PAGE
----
A powerful senator in Washington is wondering what's taking the State Department so long to get off its haunches and fix its visa-processing system to boost the nation's security efforts.

Sen. Chuck Grassley, R-Iowa, chairman of the Senate Finance Committee and member of the Budget, Judiciary and Joint Taxation Committee, on Thursday voiced concern that the State Department's Bureau of Consular Affairs has done little to reform visa processing procedures since the Sept. 11 terrorist attacks.

"I'm appalled to learn that some posts don't have clear policies about visa procedures," he said. "The Consular Affairs offices must get serious about this. National security has to be the number one focus. The lack of change to a security focus in a post-Sept. 11 world is very alarming to me."

Grassley, who also has been a vocal critic of agencies such as the FBI, which he said are lacking in their pursuit of terrorists, asked Inspector General Clark Kent Ervin in September to review the department's nonimmigrant visa (NIV) issuing policy and procedures. Grassley asked for a thorough and detailed review, saying, "We need to get to the bottom of this and figure out how to keep the terrorists out."

The study looked at whether visa policies satisfied national security requirements, whether consular officers and staff are trained well enough to carry out the visa policies and whether there are enough resources to meet the demands of visa processing.

In a report released last week -- part of which is classified -- the State Department inspector general acknowledged that the bureau's focus on terrorism and visa control has been sidetracked by pressure to secure U.S. embassies and consulates overseas.

The findings were released last week and are considered "sensitive but unclassified." A classified section addresses findings concerning what's known as the Visa Viper Program, which was established as part of a larger counterterrorism program after the first attack on the World Trade Center in 1993. The goal of the program was to identify potential terrorists and make their names available in a consular support system.

The report shows that Consular Affairs offices have not made any big changes in the visa issuing process, even since 1993. The inspector general concurred that the State Department's policies still aren't secure enough.

"The NIV issuance process as it existed before Sept. 11 was inadequate to meet that threat," the report states. "Since Sept. 11, steps have been taken to address this problem, though existing policies and resources remain inadequate."

The Consular Affairs unit notes, however, that its Consular Lookout and Support System, a database of names, doubled in size after the Sept. 11 attacks, which means that there is now double the possibility of identifying a person of interest for law enforcement and intelligence experts.

CLASS provides a consular officer with information that can be used to follow up directly with the applicant any inconsistencies that might have been discovered in the application process.

While the United States saw a huge spike in requests for demands for travel visas to this country, the report says, security concerns at embassies and consulates abroad increased.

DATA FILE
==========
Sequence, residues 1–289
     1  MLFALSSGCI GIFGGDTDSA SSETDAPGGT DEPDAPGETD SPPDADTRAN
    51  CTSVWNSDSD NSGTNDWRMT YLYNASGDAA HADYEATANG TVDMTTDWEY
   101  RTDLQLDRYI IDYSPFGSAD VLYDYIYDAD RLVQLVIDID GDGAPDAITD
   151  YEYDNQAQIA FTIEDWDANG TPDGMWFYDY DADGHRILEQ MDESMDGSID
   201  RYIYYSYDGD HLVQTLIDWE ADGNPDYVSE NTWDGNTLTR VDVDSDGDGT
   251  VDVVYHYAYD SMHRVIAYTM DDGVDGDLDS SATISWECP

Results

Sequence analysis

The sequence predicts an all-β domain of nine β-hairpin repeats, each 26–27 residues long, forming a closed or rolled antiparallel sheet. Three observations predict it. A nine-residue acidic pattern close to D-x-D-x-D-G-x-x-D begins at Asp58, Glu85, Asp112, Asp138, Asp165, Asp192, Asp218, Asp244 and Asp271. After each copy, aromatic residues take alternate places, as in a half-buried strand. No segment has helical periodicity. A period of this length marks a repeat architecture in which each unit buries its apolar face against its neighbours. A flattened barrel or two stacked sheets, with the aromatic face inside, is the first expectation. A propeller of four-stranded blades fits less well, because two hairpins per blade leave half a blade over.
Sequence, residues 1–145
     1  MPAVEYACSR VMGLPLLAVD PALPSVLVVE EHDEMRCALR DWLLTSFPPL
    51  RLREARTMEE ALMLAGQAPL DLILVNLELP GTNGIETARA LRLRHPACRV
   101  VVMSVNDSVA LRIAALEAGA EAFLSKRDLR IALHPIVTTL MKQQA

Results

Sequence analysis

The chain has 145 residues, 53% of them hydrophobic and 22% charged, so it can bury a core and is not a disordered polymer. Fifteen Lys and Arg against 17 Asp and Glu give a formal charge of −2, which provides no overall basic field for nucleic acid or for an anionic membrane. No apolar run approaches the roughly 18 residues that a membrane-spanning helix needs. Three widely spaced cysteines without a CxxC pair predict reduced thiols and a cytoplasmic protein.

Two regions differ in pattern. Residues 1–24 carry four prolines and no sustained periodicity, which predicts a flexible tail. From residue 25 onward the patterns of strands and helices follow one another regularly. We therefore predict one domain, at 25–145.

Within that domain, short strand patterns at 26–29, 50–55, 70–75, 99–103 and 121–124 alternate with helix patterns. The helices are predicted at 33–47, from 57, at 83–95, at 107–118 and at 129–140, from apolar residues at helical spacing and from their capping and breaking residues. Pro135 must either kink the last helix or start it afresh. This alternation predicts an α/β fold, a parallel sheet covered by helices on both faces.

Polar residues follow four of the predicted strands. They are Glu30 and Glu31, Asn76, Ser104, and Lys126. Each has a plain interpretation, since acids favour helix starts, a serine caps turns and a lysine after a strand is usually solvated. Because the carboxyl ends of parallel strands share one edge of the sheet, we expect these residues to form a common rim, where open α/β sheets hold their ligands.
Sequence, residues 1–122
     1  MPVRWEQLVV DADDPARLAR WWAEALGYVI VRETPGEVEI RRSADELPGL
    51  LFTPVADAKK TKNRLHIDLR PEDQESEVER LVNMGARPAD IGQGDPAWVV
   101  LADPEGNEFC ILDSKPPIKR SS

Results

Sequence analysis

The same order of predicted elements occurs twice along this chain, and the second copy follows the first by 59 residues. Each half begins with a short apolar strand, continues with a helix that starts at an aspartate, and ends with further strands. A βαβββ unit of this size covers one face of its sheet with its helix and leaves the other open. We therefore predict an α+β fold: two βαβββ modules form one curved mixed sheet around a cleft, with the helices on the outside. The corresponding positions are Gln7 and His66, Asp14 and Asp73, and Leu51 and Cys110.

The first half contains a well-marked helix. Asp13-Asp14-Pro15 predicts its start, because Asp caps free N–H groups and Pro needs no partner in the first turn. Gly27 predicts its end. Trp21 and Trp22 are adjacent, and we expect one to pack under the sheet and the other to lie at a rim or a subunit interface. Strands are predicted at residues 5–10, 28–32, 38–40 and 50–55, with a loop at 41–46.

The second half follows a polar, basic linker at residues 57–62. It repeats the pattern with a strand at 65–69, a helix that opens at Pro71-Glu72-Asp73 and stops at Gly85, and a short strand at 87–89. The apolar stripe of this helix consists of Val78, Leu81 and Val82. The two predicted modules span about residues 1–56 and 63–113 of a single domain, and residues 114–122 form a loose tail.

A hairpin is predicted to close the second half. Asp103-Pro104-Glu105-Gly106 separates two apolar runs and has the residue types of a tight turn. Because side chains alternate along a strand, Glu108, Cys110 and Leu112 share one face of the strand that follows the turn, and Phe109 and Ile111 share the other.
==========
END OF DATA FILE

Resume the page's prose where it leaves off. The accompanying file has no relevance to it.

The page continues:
Focus on visa applications -- and identifying potential terrorists -- was also sidestepped by efforts to revamp U.S. immigration policies and accommodate larger numbers of immigrants.

According to the report, policies remain inconsistent and unclear at visa-issuing posts around the world.

"National security and border security needs to be on every employee's mind at the Consular Affairs offices," Grassley said. "I hope the Department of Homeland Security takes visa security more seriously."

Although the new Department of Homeland Security is still in the works, the bill authorizing the Cabinet-level agency says it should contain, among other things, a director of the Bureau of Citizenship and Immigration Services as well as a Citizenship and Immigration ombudsman, which may have some visa oversight.

In the homeland security legislation passed by Congress last month, Grassley proposed amendments -- included in the final bill -- that require Department of Homeland Security agents at every facility where visas are issued or an explanation why a facility should be exempted. 

Grassley and Rep. Dave Weldon, R-Fla., are also responsible for helping to put to an end to the State Department's Visa Express program.

That program, which was killed in July, allowed visa applicants in Saudi Arabia to get approval to come to the United States without proper in-person interviews. They submitted applications through commercial travel agencies. Three of the 19 Sept. 11 hijackers used the Visa Express program to get their visas and were never interviewed by a U.S. official. Fifteen of the 19 hijackers obtained visas in Saudi Arabia one way or another.

Before Sept. 11, this Visa Express program had allowed roughly 97 percent of Saudi visa applicants to obtain visas without face-to-face interviews.

The inspector general's report concluded that visa-issuing posts make up their own rules about waiving an interview with little regard for security, and that Consular Affairs' use of foreign travel agencies to help process visa applications is haphazard and reckless.

The report also shows that document fraud is a serious problem, and fraud detection efforts are not coordinated. Grassley has argued that fraud prevention units must be more effective around the world.

The homeland security bill signed by President Bush in October also calls for tighter control over the U.S. visa entry program. Among other things, it requires the secretary of state to implement enhanced security measures for the review of visa applicants and provides more money to hire additional staff and to train consular officers and diplomatic security agents.